If you are tense, you might grab the brakes. And if you grab the front brake, you risk a washout (sliding out from under you) as the back wheels might lock up. Locking the rear wheel causes a broadside speedway skid that may be difficult to recover from.
Don’ stop pedaling
Road cyclists don’t have this problem. However, if we’re talking about fixed gear bikes, you cannot coast. Much like sharks have to keep swimming, fixies have to keep pedaling. So don’t get complacent, and don’t stop pedaling when you’re nearing the corner. Keep those pedals engaged.
Fly out of the turn with speed
You should have just gracefully rounded the corner if you followed the preceding steps. You need to return the bicycle to its upright posture and resume pedaling as fast as possible!
If you want to see an example of this in action, take a look at this video called “Fixed Crit Training | Cornering Explained” from the Juliet Elliott YouTube Channel.
Tips for cornering on a fixed gear bike
Here are a few more tips for cornering.
The ‘Dos’ of cornering on a bike
- Familiarize yourself with the bike and handle it in various situations, such as wet and dry roads.
- Look ahead of time to assess an upcoming bend properly.
- Keep your eyes on the exit of the corner, even if you deviate from your original line.
- Keep calm, even if it’s hard. If you can, most of those little “moments” will be nothing more than a heartbeat and an adrenaline rush.
The ‘Don’ts’ of cornering on a bike
- Don’t grab the brakes hard when cornering, or you’ll end up on the asphalt.
- Don’t hang off your bike. Keep your weight close to the bike for maximum control and grip.
- Don’t take unnecessary risks. Going into a hot corner and overcooking it often results in more loss than gain. The safest approach is slow in and fast out.
How to make sharp turns on a bicycle by countersteering
If you come across a particularly sharp bend or just wish to approach a corner faster (maybe for a race-winning breakaway), here’s a method that can assist.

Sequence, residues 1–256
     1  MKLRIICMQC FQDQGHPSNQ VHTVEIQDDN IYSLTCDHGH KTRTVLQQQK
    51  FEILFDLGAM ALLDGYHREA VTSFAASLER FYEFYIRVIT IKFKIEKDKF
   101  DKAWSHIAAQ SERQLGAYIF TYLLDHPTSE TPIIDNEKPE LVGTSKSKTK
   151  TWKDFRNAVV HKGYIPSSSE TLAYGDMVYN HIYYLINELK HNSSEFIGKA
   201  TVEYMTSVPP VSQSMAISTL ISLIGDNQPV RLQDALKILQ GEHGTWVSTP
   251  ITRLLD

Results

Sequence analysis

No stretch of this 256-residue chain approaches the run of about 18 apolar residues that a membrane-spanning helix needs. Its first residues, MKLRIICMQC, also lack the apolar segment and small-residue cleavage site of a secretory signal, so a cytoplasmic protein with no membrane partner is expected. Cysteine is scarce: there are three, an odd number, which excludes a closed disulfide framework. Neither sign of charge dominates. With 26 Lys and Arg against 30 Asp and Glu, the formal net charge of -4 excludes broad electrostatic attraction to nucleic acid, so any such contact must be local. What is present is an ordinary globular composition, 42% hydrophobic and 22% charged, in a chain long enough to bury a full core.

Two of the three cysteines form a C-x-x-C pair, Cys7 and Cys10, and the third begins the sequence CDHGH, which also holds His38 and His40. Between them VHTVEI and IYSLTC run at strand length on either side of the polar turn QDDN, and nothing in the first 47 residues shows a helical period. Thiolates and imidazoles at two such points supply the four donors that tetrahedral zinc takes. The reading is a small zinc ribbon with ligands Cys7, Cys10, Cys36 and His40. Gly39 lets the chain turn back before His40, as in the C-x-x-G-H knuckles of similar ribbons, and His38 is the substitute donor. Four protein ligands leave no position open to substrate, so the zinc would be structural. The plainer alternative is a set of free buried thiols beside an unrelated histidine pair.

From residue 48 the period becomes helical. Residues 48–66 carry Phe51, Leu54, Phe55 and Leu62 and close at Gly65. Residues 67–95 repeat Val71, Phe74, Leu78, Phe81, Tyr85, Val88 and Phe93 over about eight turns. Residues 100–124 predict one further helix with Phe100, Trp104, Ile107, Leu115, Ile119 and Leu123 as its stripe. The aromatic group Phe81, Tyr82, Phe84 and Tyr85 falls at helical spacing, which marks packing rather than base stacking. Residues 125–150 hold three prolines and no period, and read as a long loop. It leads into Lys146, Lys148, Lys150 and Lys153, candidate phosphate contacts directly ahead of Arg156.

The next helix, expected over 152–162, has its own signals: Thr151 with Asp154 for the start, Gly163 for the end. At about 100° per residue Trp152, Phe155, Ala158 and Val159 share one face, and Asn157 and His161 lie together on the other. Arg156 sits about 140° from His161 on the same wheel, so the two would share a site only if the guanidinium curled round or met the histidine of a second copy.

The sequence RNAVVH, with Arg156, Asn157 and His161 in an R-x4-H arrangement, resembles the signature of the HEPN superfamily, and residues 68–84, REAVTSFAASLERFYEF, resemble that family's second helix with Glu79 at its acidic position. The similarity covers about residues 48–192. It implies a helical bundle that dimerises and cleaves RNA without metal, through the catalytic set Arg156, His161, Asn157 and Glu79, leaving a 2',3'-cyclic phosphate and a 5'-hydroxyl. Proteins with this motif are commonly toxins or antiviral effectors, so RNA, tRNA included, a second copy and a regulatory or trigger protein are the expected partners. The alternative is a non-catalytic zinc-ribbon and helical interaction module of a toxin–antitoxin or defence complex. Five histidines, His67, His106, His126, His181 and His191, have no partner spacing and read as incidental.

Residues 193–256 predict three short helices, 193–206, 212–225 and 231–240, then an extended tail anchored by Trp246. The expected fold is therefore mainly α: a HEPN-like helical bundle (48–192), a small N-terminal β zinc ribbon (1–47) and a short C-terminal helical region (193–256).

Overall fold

Simply countersteer right before approaching the corner. Countersteer with the handlebar as you approach the turn. You’ll be centered over the bike, and your weight will be on the outside leg, but just before you lean in, quickly pull the handlebar back with your outside hand like you are turning the wrong way. For example, if you’re turning right, you’ll slide the handlebar to the left.
Just a little pull and then relax, allowing the bar to return to its original position. By pointing in the incorrect way for a fraction of a second, you will actually make a sharper turn in the desired direction! After that little pull, the bike will start the dive for you.
Frequently asked questions (FAQ)
Below are some commonly asked questions regarding cornering on a fixed gear bike.
What does it mean to corner on a bicycle?
A corner’s principal purpose is to escape faster than you entered. That means brake control, gear selection, and departure commitment. On the approach, shift into a lower gear to accelerate out of the bend.
What is counter steering?
Single-track vehicles like bicycles use countersteering to initiate a turn by momentarily steering in the opposite direction of the desired turn (“steer left to turn right”). To effectively navigate a turn, the combined center of gravity of the rider and single-track vehicle must first be leaned in the direction of the turn. This lean is caused by a momentary steering input in the opposite direction. Countersteering is sometimes described as “providing a steering order” by riders.
Do I need to know how to corner?
Practice on gentle terrain. Cornering on rough terrain can be dangerous and can easily throw you off your bike. Instead, start by practicing on gentle slopes and hills until you get the hang of it. You’ll be able to handle challenging corners much better this way. Always pay attention to your speed and distance when cornering—even if you think you’re going slow enough, there’s always the risk of an accident. If in doubt, always slow down!
Cornering is critical for learning how to ride your track, fixie, or single-speed bike efficiently. Now that you are armed with some information on how to corner, I am sure you are ready to take on the track faster than ever.
This article covered what cornering and countersteering are, how it is done effectively, and some dos and don’ts of cornering. Here are some key takeaways:
- Keep the train in mind.
- Use your drop bars.
- Brake sooner than later.
- Use your body weight.
- Fly through the apex.
- Keep your eyes forward.
- Check your speed when cornering.
- Don’t tense up.
- Don’t stop pedaling.
So, are you a cornering king? Let me know in the comments below (I read and reply to every comment). If you found this article helpful, check out my full blog for more tips and tricks on everything fixie. Thanks for reading, and stay fixed.